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Entrepreneur Fred Kaneb invented the Dilbert Dunker

By on August 29, 2016 in Articles with 0 Comments

Fred Kaneb’s biggest claim to fame is his wartime invention of the Dilbert Dunker, a gizmo designed to save the lives of U.S. air crews. (Kaneb family)

Fred Kaneb’s biggest claim to fame is his wartime invention of the Dilbert Dunker, a gizmo designed to save the lives of U.S. air crews.
(Kaneb family)


During his long life, Fred Kaneb, who has died at the age of 96, ran a series of successful businesses in Canada, including an oil company. His biggest claim to fame, however, is his wartime invention of the Dilbert Dunker, a gizmo designed to save the lives of U.S. air crews.

During the Second World War, many fliers died after ditching at sea because they were disoriented underwater and couldn’t escape from the cockpit. So Lieutenant Kaneb, of the U.S. Navy, led a team of engineers to build a survival-training device: They came up with a simulated aircraft cockpit on rails perched at a 45-degree angle above a pool of deep water. A trainee would be strapped into the cockpit (which even included an instrument panel) and then the Dilbert Dunker would be released, dunking the student under water. The trainee had to struggle to get out. To add to the challenge, the cockpit would invert upon hitting the water.

“It could be terrifying, especially on the third trip, when you had to do it blindfolded to mimic a night crash landing. You are completely disoriented when you are underwater and upside down,” said Sterling Gilliam, a retired U.S. Navy captain who is now director of the National Naval Aviation Museum at the Naval Airbase in Pensacola, Fla., where a Dilbert Dunker is on display.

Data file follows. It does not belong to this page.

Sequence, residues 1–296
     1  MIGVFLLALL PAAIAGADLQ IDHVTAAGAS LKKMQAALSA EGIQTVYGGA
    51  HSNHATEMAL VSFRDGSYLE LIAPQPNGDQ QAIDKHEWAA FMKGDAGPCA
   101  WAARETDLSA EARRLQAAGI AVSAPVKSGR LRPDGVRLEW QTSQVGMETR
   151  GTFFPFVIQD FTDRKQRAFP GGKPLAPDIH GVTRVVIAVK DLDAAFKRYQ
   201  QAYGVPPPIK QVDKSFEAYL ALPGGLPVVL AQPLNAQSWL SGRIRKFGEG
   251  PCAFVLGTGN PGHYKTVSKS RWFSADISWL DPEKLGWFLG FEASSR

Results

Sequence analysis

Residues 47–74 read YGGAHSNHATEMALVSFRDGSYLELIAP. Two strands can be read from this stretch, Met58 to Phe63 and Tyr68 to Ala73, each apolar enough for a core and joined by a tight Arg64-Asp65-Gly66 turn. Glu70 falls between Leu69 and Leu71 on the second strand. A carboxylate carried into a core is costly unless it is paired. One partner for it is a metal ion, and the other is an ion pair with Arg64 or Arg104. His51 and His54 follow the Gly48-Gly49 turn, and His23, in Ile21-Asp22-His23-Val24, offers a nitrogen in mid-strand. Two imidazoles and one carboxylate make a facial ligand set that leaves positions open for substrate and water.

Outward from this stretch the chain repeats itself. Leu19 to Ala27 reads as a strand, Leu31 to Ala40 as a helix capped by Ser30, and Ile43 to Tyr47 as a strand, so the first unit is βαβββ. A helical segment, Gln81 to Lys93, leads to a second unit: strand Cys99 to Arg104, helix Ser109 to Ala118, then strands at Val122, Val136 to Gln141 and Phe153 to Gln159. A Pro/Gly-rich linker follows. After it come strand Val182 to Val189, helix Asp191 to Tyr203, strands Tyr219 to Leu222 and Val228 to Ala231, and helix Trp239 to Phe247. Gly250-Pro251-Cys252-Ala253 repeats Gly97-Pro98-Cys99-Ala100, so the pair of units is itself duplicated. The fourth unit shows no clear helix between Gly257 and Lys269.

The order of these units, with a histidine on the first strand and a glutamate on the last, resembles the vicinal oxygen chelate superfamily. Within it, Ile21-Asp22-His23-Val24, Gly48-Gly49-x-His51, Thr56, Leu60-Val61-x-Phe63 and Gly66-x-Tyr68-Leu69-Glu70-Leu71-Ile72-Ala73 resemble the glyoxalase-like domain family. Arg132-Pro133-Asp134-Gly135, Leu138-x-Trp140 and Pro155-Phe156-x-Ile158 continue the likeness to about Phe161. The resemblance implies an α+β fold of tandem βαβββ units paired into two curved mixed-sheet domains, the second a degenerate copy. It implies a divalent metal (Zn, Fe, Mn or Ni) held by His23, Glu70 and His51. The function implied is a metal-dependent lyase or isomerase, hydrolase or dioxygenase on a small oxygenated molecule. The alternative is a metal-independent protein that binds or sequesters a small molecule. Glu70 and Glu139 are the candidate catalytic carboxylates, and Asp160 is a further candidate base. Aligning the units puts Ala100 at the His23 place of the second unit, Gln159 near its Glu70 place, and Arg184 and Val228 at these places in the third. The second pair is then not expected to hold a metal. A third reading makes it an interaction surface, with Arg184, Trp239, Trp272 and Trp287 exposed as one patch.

The device borrowed its name from the klutzy Second World War pilot character featured in U.S. Navy wartime training manuals (not to be confused with the hapless office worker character in Scott Adams’s Dilbert comic strip in today’s newspapers).

Training on the Dilbert Dunker, which was depicted in the movie An Officer and a Gentleman, became a rite of passage for naval aviators. (There was less danger of a crash landing at sea once planes were routinely equipped with ejection seats after the Second World War.)

The device’s inventor, Wilfred Kaneb, always known as Fred, was born on April 3, 1920, in Worcester, Mass. His mother, Agey, was from there and wanted to have her baby with her mother nearby. Baby Fred and his mother returned home to Cornwall, Ont., shortly after the birth. His Lebanese-born father, Thomas, was a travelling peddler who worked in and around Cornwall. Thomas saved his money and eventually opened a dry goods store and later bought the King George Hotel.

“My father and his brothers grew up slinging beer in the downstairs tavern,” said Fred’s daughter, Stephanie Kaneb.

Imbued with their father’s immigrant work ethic, all seven children in the family were studious and graduated from university. Two of the brothers, Fred and George, went to the Massachusetts Institute of Technology. Just after graduating in 1943, Mr. Kaneb was seconded into the U.S. military, along with his brother and some other inventive types from MIT. George went on to work on artificial rubber, Fred on ways to save the lives of navy pilots.